This section is from the book "Experimental Cookery From The Chemical And Physical Standpoint", by Belle Lowe. Also available from Amazon: Experimental cookery.
The factors that control the size of the crystals in fondant making also determine the size of the crystals formed in fudge. Fudge is often made of brown sugar. Brown sugar contains a higher percentage of invert sugar than granulated sugar. Thus it crystallizes less readily than granulated sugar.
Fudge also ripens with storage and if placed in a container with a tight-fitting lid becomes much softer and more velvety after 24 hours' storage.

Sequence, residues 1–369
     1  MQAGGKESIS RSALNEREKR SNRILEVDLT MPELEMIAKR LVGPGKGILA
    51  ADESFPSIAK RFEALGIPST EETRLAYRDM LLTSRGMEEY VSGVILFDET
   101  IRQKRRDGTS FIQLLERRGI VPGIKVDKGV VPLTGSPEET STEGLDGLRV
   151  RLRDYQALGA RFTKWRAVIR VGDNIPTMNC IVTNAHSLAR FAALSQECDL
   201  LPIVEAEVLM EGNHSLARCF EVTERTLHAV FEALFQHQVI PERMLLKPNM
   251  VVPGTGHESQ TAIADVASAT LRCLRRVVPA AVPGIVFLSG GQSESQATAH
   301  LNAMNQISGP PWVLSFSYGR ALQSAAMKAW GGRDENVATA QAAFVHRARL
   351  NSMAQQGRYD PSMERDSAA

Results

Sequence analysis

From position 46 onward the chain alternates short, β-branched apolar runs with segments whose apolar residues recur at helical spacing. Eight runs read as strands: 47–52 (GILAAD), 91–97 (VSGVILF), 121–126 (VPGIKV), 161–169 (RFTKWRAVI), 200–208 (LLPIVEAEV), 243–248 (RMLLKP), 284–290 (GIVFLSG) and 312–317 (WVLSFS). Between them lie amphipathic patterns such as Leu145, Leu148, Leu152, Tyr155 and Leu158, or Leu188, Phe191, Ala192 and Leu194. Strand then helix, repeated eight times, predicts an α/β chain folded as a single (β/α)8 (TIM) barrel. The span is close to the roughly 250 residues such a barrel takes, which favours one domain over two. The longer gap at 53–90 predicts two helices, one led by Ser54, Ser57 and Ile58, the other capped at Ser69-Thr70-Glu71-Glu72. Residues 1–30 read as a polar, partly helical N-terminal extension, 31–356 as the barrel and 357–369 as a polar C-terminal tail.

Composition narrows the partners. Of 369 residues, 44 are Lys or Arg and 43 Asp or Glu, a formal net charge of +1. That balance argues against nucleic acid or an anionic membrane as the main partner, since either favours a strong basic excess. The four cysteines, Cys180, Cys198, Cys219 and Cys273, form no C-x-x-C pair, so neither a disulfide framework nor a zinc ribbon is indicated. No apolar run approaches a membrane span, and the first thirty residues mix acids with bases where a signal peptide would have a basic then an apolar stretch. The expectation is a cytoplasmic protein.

In substituting cocoa for the chocolate in fudge, Reese found that the quantity of cocoa was a matter of individual preference, although 3 to 31/2 tablespoons to each cup of sugar was preferred by the majority of judges. But, if other conditions were standardized, the final temperature to which the sirup was cooked depended upon the proportion of cocoa used. Cocoa contains considerable dextrin. It is probably the presence of this ingredient that affects the consistency of the sirup so that with increasing amounts of cocoa the temperature to which the sirup is cooked should be lower. For a sirup cooled to 40°C. and requiring about 12 to 15 minutes to beat to bring about crystallization, the fudge containing 1 tablespoon of cocoa is cooked to 112.5° or 113°C. For each additional tablespoon of cocoa the temperature to which the sirup is cooked can be lowered one-half degree. These conditions hold for the recipe given in the laboratory outline. With larger proportions of butter, the temperature to which the sirup is cooked should be elevated.